This volume brings together case studies from around the globe (including China, Latin America, the Philippines, Namibia, India, and Europe) to explore the history of nature conservation in the twentieth century. It seeks to highlight the state, a central actor in these efforts, which is often taken for granted.
The authors study the institutions, regulations and relations established within the broader state to manage and conserve nature under a novel concept — the nature state. Through their case studies — on national parks and other kinds of reserves, as well as other forms of conservation such as hunting laws — they explore several aspects of the nature state. They analyse the degree to which regimes (liberal, colonial or authoritarian) facilitate and shape the emergence and development of nature states, exploring how this novel mandate reshaped the relations between the state and its constituencies. But they do so by identifying specific parts of the state, locating them within global networks, clearly showing how states are heterogeneous and contradictory, and operate within larger contexts, impacting upon both human relations, landscapes and ecologies.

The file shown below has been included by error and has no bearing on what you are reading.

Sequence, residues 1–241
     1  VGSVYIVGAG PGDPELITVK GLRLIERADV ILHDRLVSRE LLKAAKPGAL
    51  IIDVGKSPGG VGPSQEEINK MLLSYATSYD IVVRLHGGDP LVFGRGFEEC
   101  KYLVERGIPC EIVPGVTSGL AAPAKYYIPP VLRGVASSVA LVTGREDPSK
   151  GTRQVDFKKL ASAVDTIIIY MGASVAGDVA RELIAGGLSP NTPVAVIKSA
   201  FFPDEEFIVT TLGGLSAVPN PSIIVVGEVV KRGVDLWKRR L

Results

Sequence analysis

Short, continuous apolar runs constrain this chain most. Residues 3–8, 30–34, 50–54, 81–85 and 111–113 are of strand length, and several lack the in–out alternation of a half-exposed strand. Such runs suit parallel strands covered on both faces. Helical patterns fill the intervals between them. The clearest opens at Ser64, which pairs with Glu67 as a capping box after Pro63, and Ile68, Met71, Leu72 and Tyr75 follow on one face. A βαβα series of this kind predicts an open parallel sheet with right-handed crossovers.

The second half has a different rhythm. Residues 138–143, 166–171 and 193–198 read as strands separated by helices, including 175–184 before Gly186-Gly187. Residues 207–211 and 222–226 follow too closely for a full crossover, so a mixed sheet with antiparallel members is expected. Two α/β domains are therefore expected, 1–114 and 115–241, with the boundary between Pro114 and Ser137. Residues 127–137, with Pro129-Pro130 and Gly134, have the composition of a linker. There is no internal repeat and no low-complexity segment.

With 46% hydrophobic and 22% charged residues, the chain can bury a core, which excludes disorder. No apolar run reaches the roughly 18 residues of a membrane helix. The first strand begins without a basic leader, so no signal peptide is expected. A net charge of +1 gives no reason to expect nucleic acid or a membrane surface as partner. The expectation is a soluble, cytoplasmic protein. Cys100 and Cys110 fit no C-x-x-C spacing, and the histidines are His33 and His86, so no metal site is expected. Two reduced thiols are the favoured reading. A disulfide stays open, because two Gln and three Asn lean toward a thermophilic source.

|Publisher||Taylor & Francis|
|Number of pages||256|
|Publication status||Published - 12 Jun 2017|
|Name||Routledge Environmental Humanities|